- Report: YouTube will no longer run ads on anti-vax channels 2 Years Ago
- Microsoft employees want to cancel a $479 million contract with the U.S. military Today 1:14 PM
- Queso recipe gets launched to space Today 10:09 AM
- ‘Isabelle Facts’ was a wholesome queer meme account—until harassers showed up Today 8:28 AM
- 2016 election stories the ‘Newsroom’ reboot will cover Today 6:30 AM
- How to stream Brandon Rios vs. Humberto Soto for free Today 6:00 AM
- ‘The Haunting of Hill House’ heads to ‘Bly Manor’ for next installment Today 5:45 AM
- How to stream James DeGale vs. Chris Eubank Jr. for free Today 5:30 AM
- How to stream UFC Fight Night 145 in Prague for free Today 5:00 AM
- R. Kelly charged in Chicago with multiple counts of sex abuse Friday 7:51 PM
- Elon Musk finally hosts PewDiePie’s meme review Friday 6:27 PM
- Netflix throws ‘Umbrella Academy’-themed wedding for fans Friday 4:54 PM
- Report: Facebook collects app data on users’ body weight, menstrual cycles Friday 3:38 PM
- Amy Klobuchar reportedly ate salad with a comb, and Twitter’s got questions Friday 2:47 PM
- Nobody likes Spotify’s new update Friday 2:34 PM
Kendrick Lamar takes care of his fans.
During a show in Dallas over the weekend, the rapper noticed Jennifer Phillips (who uses a wheelchair) in the crowd and invited her backstage to hang out after the concert. He signed merch for her, posed for pics, and just generally treated her to a surprise VIP experience—enough for the story to get some viral traction.
Kendrick Lamar with a fan backstage pic.twitter.com/yOdqrsgEn3
— Rap-Hub (@RapHubDaily) July 17, 2017
What some bloggers didn’t realize was that Lamar’s autograph contained a touching message. Phillips has been working to raise money for a van that can accommodate her wheelchair, and unbeknownst to her, Lamar decided her fundraising was over—he offered to pay for the van outright.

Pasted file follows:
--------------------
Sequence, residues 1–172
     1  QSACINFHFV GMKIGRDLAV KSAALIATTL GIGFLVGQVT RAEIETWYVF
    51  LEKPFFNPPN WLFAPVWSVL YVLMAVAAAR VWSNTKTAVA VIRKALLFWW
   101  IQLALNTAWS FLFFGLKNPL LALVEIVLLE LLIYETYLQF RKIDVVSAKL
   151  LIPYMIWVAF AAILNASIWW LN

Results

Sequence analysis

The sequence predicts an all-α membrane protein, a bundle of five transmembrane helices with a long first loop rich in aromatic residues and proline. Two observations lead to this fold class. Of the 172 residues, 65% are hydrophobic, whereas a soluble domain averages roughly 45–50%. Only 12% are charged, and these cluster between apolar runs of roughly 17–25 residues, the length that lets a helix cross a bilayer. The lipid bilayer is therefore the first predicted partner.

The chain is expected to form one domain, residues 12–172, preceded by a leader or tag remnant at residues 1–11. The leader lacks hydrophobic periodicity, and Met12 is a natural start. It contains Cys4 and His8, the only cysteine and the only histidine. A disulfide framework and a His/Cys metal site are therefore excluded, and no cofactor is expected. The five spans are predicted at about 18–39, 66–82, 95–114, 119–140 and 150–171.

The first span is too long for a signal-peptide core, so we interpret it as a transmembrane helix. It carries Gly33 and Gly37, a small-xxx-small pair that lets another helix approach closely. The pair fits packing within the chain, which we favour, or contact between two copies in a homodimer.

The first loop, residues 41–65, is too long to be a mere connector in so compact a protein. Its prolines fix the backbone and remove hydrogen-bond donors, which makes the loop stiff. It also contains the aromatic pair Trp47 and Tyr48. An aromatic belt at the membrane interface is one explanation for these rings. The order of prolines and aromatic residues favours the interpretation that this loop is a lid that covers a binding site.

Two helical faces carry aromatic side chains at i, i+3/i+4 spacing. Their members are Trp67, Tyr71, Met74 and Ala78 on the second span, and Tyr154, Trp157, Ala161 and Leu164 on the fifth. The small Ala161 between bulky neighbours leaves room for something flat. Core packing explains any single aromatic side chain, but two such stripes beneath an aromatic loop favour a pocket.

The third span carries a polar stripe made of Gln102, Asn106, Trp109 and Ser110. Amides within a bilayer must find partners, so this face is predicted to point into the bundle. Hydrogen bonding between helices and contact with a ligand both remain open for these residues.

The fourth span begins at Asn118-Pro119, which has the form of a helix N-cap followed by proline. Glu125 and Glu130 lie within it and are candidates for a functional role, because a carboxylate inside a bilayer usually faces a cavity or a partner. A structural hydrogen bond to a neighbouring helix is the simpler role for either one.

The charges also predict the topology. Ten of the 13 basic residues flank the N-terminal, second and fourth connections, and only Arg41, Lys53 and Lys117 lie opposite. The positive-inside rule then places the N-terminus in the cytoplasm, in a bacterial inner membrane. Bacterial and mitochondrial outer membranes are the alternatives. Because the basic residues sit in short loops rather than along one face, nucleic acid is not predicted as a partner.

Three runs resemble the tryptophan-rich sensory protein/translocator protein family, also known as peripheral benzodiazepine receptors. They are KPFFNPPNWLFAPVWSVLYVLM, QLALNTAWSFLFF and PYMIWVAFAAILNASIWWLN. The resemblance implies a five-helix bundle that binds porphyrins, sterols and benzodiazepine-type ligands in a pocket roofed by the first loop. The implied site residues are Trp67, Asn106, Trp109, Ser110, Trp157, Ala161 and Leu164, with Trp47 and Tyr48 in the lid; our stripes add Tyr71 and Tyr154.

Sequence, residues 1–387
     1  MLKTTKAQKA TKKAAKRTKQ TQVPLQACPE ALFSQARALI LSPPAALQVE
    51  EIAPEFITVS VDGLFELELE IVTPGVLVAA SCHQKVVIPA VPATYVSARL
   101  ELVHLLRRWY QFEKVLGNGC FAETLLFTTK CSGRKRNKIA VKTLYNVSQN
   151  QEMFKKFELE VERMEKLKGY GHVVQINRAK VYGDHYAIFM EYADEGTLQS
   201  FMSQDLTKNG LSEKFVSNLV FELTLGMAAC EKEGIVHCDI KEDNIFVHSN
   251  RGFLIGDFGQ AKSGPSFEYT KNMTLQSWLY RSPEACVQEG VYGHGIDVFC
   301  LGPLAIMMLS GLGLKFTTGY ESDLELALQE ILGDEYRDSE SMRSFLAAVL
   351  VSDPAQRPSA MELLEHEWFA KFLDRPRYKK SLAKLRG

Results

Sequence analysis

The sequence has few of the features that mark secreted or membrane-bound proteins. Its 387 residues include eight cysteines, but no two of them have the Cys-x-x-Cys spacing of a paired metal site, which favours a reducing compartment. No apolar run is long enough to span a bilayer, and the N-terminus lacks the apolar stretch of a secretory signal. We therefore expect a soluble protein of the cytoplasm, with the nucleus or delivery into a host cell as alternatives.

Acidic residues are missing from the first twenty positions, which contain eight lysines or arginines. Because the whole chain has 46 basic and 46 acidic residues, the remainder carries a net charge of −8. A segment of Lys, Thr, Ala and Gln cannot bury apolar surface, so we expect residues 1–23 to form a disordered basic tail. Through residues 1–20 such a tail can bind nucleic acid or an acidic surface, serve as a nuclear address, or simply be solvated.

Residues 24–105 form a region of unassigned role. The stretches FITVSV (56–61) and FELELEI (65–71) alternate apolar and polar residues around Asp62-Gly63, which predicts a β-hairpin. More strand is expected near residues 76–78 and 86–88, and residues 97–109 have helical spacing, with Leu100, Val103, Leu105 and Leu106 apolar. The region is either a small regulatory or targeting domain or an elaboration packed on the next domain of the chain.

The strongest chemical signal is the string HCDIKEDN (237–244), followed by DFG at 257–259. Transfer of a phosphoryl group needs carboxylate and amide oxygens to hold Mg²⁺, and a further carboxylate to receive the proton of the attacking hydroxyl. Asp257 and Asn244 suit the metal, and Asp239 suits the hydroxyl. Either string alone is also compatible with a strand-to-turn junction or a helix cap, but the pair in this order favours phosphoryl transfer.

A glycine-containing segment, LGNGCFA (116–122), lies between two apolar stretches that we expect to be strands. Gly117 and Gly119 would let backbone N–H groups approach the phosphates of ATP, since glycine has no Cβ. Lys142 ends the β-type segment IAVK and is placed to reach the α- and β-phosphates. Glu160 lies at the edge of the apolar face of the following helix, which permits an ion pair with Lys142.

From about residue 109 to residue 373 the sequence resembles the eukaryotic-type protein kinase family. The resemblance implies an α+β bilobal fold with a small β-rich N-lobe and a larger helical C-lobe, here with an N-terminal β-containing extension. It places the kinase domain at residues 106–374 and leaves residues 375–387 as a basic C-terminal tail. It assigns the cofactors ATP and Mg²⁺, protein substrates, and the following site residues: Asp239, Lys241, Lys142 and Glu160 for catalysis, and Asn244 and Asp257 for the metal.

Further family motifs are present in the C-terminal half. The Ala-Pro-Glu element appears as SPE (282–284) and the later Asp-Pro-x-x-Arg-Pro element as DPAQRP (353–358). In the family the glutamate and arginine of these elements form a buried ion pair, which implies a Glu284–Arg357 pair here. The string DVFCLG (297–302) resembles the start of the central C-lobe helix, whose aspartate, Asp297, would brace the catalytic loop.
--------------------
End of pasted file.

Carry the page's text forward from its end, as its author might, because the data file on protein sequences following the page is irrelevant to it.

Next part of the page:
In Sharpie on a jacket, the rapper (who has the best-selling album of 2017 right now) wrote:
Thank you for always supporting me. Your a [sic] inspiration for me. You are strong and positive. Your kind and beautiful. For all the years of inspiring me, the least I can do is make sure your comfortable driving the city. A gift from me to you. Your always appreciated!!!
He then handed her the shirt and asked her to read it. Needless to say, the gesture was life-changing for Phillips, who has been a quadriplegic since 2007.
So about last night… lol. If you know me or even just look in my Instagram profile for two minutes then you know I am a huge Kendrick Lamar and TDE fan/supporter for YEARS. I've been to every show Kendrick has had in Dallas including the first one that even he forgot about lol and one in Austin. That's 8 shows and not including the other TDE artists shows. I was a big fan of music and concerts before my injury but I never supported and loved a label like theirs before. Of course they have great music but they are also great people. None of them have ever treated me like a stranger or a charity case lol. I didn't meet them because I'm in a wheelchair. I just know great people (shout out to @bluethegreat for the initial in person introduction to Dot & Q). I never supported them for any benefits like this lol. Their music and shows were enough for me. But this is amazing and I thank you from the bottom of my heart. I love you all and always will. Thank God for you Kendrick and I will continue to pray for you. And like I said, next time I'm driving myself to your show lol. Thanks to the whole team! #tde
A post shared by msj3nn (@msj3nn) on
After a few days of media coverage, Phillips noticed writers were leaving out the best part of the story (ie: the van), so she hopped on Twitter Monday asking that everyone, “Give him some props pls”—because fandom never sleeps, people.
Hi, I'm "Disabled Fan" lol what you missed is that the autographed jacket said he was buying me a new wheelchair van. Give him his props pls https://t.co/Y83vtJAdRW
— Jenn (@msj3nn) July 17, 2017
The autograph pic.twitter.com/xW48D9RwBL
— Jenn (@msj3nn) July 17, 2017
It doesn’t get better than this.
Christine Friar is a writer and editor in New York who focuses on streaming entertainment and internet culture. Her work has appeared in the Awl, the Fader, New York Magazine, Paper Magazine, Vogue, Elle, and more.